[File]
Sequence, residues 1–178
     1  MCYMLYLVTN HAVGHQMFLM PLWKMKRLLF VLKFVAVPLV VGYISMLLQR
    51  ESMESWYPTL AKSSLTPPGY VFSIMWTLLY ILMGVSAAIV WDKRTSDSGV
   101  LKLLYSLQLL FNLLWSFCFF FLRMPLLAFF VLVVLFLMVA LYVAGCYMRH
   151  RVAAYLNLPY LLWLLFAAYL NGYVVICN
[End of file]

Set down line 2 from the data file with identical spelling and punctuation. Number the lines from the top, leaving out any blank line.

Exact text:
     1  MCYMLYLVTN HAVGHQMFLM PLWKMKRLLF VLKFVAVPLV VGYISMLLQR